I didn’t start the fire, but am I trying to fight it?

In 1989 Billy Joel wrote a song called, “We Didn’t Start the Fire.” The chorus rang out: 

We didn’t start the fire
It was always burning
Since the world’s been turning

We didn’t start the fire
No we didn’t light it
But we tried to fight it.

Did we? Have we? Are we? Will we?

I agree the fire’s been burning since the world’s been turning, but I’m not so convinced that we’ve been trying to fight it.

The recent sickening murder of nine Christians in their own house of worship, just because they were black, says otherwise.

Many of us are appalled and saddened by the senseless taking of good people and the subsequent suffering of family, friends and their worship community. But what have we done to put out the fire? Really?

This world is rife with whites hating blacks and blacks hating whites; Christians hating Muslims and Muslims hating Christians. Prejudices and bigotries are cocked and loaded, ready to fire at Hispanics, Asians, those of various sexual orientations, the elderly and the unborn.

I think many of us can say, “That’s not me.” But is it really? I think we’re all part of the fire. I believe that many of us have our own deep down prejudices and bigotries. Our thoughts reveal them internally even though our actions may not. Or, our actions may be subtle.

We cringe when a homeless person sits next to us on a bus or asks us for change. We complain because businesses and agencies seem to cater to non-English-speaking people. We’re irritated when directed on the telephone to someone “who doesn’t even live in this country.”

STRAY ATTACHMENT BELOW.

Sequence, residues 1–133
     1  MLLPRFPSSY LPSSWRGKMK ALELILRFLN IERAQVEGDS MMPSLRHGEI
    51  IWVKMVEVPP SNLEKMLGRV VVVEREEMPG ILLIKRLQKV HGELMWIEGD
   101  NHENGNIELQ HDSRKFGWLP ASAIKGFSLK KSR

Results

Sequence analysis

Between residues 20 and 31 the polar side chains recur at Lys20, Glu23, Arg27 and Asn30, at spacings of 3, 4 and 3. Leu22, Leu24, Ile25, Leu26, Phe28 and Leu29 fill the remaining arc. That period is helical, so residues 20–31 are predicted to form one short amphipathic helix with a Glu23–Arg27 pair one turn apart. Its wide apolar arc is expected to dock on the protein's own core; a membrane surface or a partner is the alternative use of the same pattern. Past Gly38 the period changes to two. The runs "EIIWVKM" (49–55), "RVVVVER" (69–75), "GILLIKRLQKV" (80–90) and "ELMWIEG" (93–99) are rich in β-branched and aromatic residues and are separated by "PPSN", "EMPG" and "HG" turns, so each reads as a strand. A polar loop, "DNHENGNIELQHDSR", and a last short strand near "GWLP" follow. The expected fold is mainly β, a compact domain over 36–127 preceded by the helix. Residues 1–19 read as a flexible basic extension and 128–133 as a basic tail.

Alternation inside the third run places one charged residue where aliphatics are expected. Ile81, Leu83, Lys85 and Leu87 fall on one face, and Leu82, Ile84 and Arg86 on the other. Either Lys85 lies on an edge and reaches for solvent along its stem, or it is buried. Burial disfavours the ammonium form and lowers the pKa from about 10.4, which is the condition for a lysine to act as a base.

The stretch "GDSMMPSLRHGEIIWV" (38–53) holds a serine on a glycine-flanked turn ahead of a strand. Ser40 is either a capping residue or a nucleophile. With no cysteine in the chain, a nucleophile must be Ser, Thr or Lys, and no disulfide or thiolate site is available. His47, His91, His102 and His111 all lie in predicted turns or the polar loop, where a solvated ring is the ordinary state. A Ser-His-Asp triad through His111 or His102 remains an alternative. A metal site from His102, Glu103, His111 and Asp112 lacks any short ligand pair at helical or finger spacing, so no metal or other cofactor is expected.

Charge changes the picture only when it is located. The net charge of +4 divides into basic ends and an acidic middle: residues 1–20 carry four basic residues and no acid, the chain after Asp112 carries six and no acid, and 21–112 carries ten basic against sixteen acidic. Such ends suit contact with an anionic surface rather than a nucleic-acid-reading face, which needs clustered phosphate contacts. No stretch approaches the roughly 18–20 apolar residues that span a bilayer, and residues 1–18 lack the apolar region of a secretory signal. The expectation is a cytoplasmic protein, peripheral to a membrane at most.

When people talk to us do we really listen? Do we quickly change the topic of conversation to ourselves?

We’re envious of those who may have more than we do, but believe we work harder and deserve it more. We blame the world’s woes on others — trouble-makers, low-lifes, barbarians. We see those who don’t share our Christian values as the enemy.

I shudder to think what God must feel as He watches the world’s legacy play out.

I wonder if He’s sorry He made the promise to never again flood the earth and start from scratch. I wonder how many of us would truly deserve a seat on the new ark.

The world’s fire — do we really try to fight it or do we fuel it? The smallest sparks can lead to the largest conflagrations. Somehow we feel we have the right to be judge, jury and sentencer.

I could be all wet with this column. Maybe there are many more out there who don’t harbor any prejudices or bigotries or jealousies. I hope so.

I guess I’m just speaking for myself. I like to think I don’t hold such feelings, but I do know there are times when my thoughts make me ashamed of myself.

It’s tragedies like the S.C. AME Church massacre that force me to reassess my heart and soul.

I want to be a person who fights the fire. I suppose that’s going to begin when I extinguish the small sparks within.

I’m not in the same category as the poor soul who shot up a church, or who kills out of hatred. But I do have those little sparks that, kept unchecked, can fuel the fire.

I pray that I can fight it. I pray that I will.


© 2018 The Anchor and Anchor Publishing   †   Fall River, Massachusetts